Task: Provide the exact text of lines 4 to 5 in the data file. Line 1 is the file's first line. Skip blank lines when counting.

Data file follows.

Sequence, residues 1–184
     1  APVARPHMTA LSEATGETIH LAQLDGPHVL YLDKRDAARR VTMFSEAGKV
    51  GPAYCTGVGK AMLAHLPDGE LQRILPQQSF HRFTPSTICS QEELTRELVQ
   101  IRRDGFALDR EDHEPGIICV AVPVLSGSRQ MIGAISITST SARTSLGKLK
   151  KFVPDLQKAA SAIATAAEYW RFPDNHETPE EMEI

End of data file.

   101  IRRDGFALDR EDHEPGIICV AVPVLSGSRQ MIGAISITST SARTSLGKLK
   151  KFVPDLQKAA SAIATAAEYW RFPDNHETPE EMEI